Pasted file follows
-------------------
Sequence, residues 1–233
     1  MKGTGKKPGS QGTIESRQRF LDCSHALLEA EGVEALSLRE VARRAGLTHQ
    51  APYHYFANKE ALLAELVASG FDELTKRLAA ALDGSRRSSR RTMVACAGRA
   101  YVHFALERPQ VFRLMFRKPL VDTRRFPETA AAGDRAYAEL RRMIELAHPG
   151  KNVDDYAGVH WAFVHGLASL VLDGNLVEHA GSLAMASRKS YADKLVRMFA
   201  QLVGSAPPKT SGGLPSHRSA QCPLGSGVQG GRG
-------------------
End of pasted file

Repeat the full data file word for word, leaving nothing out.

Sequence, residues 1–233
     1  MKGTGKKPGS QGTIESRQRF LDCSHALLEA EGVEALSLRE VARRAGLTHQ
    51  APYHYFANKE ALLAELVASG FDELTKRLAA ALDGSRRSSR RTMVACAGRA
   101  YVHFALERPQ VFRLMFRKPL VDTRRFPETA AAGDRAYAEL RRMIELAHPG
   151  KNVDDYAGVH WAFVHGLASL VLDGNLVEHA GSLAMASRKS YADKLVRMFA
   201  QLVGSAPPKT SGGLPSHRSA QCPLGSGVQG GRG